Northwestern University computer scientists say they can prove that WhatsApp use played a key role in the electoral process. Their analysis shows that the Brazilian right in 2018 did what the American left did in 2008; they used social media to beat their opponents in a way that left them baffled.
Right-wing groups in Brazil were much more numerous and shared substantially more multimedia content and YouTube videos than left-wing groups.
Credit: Northwestern University
With more than 120 million users, Brazil is the second-largest WhatsApp market in the world, trailing India. Americans tend to use WhatsApp for one-to-one or small group text messaging but half of Brazilians use WhatsApp and they use it for almost everything: text messaging, large group chats, and sending and receiving news. WhatsApp allows users to join public and private groups with up to 256 members to share text and multimedia messages, transforming chat groups into highly active social spaces.
From Sept. 1 to Nov. 1, 2018, the authors followed 232 partisan groups. During that time, they collected 2.8 million messages from more than 45,000 users - 3.5 times as many messages and 2.4 times as many users than the largest competing dataset to date, they say. The team discovered multiple differences between right- and left-wing groups. In the studied sample, right-wing groups shared 5.5 times as many messages as left-wing users. Of the messages shared by right-wing users, 46.5% were multimedia messages, such as photos, audio and video files. Just 30% of left-wing messages included multimedia.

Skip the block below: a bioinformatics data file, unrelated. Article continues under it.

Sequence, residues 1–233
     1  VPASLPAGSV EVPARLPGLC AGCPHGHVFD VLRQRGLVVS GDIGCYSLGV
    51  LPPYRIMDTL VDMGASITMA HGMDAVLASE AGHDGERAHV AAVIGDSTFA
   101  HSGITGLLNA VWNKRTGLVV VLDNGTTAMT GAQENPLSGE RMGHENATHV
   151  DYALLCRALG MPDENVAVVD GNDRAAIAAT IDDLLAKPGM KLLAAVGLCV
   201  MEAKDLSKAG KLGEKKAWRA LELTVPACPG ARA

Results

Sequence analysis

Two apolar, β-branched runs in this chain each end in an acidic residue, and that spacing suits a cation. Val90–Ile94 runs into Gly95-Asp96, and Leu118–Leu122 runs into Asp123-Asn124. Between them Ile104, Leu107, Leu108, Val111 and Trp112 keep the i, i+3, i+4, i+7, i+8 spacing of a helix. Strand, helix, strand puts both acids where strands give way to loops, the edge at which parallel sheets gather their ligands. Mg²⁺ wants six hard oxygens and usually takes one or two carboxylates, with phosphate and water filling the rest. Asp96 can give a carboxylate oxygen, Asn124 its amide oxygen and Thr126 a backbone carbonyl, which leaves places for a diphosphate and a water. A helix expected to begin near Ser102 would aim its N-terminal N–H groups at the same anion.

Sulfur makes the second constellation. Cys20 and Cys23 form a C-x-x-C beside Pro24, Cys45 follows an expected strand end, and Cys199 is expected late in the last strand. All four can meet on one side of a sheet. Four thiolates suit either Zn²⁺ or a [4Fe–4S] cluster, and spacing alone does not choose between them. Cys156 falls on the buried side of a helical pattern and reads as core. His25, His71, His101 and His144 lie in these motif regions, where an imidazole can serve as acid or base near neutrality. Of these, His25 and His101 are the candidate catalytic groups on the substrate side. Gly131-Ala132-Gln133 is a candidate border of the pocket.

The left dominates all media except radio in the U.S. New York Times columnist Eric Lipton frequently defends anti-vaccine groups who spread message of violence against scientists.
That's not evidence that multimedia is more effective in influencing opinions any more than Obama girl or outspending Republicans who crippled themselves by obeying finance reforms can be considered the magic bullet in 2008, but it is data that one side was clearly more effective in both cases.
The most-shared news by WhatsApp groups during the 2018 presidential election campaign came from websites several fact-checking agencies claim spread disinformation. Right-wing groups tended to spread disinformation from four popular, skewed sites while eft-wing groups shared news from one popular, skewed site.
Both sides tried to use disinformation but in Brazil's case the right was simply better at it.